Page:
From a separation of powers standpoint, many state constitutions provide that an individual serving in one branch of government cannot simultaneously serve in another. In some states this is taken to the even further extreme of resign-to-run provisions, requiring an individual quit their current position before running for another.
Alabama’s HB 550, however, may have taken this to a new realm. The bill prohibits members of the legislature from being appointed to judgeships within 2 years of their legislative service (there’s no comment about being independently elected).
While bans on serving in judgeships are not unheard of, they are rare and are usually directed at people who have a role in the appointment of judges. Take for example South Carolina, where judges are appointed by the legislature after being reviewed by Judicial Merit Selection Commission made up of legislators and non-legislators. Commission members in particular (S.C. Code Ann. § 2-19-10 (G)) and legislators in general (S.C. Code Ann. § 2-19-70 (A)) are prohibited from being appointed to a judgeship for one year after their service on the commission and/or in the legislature.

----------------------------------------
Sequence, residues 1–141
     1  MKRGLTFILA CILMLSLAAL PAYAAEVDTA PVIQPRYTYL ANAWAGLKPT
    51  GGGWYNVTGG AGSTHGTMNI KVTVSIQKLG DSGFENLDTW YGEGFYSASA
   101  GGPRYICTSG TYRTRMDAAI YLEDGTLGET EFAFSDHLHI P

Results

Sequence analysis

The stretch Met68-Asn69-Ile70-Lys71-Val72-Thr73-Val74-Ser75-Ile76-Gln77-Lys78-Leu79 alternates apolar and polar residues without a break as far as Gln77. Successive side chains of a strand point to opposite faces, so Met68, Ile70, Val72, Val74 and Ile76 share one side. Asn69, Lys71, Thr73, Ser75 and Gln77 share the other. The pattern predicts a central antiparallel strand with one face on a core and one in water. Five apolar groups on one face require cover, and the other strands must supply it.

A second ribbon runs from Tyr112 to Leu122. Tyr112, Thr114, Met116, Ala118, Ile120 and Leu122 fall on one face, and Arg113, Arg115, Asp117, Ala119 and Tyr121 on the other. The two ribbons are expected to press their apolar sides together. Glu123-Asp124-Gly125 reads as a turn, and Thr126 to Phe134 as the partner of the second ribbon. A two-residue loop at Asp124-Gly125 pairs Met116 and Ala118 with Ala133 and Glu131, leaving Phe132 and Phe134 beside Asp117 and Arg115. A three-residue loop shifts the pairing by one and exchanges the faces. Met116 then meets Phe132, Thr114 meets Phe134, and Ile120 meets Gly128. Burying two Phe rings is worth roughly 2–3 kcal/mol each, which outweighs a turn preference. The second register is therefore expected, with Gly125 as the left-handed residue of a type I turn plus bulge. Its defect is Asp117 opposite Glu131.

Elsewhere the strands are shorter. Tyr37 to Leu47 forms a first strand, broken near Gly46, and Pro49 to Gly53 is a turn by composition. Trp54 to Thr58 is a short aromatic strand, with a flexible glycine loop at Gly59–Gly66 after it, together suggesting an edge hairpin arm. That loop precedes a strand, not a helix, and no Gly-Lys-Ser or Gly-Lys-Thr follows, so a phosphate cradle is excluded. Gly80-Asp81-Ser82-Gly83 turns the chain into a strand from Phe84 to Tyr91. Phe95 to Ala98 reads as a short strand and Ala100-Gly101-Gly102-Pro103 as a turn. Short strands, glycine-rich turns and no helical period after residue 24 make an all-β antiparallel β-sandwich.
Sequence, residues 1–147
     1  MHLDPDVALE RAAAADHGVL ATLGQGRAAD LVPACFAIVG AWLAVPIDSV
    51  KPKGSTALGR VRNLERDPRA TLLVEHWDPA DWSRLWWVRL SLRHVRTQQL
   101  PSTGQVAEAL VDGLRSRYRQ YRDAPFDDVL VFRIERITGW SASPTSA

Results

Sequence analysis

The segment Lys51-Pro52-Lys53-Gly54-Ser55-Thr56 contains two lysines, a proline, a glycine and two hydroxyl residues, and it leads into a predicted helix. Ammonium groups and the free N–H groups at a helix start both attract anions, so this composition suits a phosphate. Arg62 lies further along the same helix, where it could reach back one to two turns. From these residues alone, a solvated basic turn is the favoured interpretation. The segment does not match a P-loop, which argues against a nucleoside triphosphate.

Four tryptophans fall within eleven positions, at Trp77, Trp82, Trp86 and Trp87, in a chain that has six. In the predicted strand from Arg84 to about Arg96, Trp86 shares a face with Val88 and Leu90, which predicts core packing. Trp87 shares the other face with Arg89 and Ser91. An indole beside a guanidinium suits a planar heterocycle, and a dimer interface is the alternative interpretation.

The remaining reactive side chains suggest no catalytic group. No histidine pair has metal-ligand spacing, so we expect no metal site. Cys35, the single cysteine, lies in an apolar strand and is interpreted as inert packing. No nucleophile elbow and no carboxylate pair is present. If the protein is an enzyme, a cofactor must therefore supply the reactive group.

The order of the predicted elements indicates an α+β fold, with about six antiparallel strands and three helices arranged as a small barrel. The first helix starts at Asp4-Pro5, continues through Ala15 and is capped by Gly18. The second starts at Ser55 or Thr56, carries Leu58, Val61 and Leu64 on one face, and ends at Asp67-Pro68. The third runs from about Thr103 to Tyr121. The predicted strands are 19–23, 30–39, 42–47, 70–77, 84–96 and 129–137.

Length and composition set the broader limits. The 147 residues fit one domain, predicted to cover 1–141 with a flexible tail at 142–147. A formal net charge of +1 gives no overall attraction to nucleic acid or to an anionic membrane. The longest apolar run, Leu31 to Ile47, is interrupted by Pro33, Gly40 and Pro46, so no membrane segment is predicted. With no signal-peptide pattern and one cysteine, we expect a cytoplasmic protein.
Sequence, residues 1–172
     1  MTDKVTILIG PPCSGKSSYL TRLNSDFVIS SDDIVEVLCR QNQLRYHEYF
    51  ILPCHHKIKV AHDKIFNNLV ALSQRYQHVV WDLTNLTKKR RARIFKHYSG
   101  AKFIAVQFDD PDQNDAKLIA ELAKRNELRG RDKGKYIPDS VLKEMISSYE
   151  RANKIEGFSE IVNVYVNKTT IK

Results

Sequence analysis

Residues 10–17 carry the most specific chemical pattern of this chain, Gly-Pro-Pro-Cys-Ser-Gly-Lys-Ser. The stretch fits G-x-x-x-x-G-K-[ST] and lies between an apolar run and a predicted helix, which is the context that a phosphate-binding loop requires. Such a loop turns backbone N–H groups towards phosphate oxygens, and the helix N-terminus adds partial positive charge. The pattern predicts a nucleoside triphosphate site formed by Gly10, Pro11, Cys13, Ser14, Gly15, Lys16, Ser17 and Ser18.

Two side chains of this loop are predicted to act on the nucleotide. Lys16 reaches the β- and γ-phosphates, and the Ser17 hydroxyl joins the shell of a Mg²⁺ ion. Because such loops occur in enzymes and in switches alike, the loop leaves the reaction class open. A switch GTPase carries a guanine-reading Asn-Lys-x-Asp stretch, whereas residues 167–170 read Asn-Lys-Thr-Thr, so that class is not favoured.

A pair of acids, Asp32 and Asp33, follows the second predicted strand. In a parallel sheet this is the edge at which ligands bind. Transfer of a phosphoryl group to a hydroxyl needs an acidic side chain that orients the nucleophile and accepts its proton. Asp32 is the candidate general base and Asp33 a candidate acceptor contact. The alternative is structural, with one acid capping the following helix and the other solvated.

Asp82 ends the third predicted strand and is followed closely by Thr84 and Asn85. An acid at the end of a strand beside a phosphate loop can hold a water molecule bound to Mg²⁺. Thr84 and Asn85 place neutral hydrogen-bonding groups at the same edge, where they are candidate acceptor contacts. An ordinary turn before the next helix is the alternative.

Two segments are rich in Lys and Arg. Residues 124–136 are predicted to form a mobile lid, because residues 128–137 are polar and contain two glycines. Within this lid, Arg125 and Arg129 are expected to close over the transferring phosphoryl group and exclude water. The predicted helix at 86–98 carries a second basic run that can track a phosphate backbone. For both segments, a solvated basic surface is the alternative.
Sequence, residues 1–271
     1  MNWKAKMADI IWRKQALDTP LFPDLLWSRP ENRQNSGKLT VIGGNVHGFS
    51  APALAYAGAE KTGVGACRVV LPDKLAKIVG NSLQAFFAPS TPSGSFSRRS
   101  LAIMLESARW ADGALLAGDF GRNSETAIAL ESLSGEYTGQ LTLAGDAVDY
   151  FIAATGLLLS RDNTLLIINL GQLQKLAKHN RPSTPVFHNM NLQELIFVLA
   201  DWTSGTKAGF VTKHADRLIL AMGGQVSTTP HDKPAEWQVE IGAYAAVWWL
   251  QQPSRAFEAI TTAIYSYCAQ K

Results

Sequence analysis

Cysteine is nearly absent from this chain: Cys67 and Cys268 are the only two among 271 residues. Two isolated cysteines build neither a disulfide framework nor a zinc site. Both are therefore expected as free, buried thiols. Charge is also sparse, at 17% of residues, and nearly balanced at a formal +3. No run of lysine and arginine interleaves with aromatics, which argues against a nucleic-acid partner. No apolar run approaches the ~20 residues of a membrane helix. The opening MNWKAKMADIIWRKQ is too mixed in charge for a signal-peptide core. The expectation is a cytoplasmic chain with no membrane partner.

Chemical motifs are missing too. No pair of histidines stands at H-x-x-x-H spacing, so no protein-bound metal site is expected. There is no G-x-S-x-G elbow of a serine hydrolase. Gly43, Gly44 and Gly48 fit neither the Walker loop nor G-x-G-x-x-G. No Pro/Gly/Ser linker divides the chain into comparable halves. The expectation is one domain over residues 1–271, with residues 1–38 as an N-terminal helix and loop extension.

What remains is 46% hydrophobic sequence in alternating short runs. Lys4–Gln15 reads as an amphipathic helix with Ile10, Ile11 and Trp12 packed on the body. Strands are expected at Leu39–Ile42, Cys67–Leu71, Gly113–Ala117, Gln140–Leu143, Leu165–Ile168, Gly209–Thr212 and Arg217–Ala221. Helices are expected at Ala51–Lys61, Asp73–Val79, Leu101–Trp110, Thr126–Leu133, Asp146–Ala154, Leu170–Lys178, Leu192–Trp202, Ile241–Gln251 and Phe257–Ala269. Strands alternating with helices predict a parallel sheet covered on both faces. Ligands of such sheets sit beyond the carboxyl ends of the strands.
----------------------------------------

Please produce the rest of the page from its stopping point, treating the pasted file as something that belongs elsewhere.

Alabama HB 550 is currently pending in the House Constitution, Campaigns and Elections Committee.
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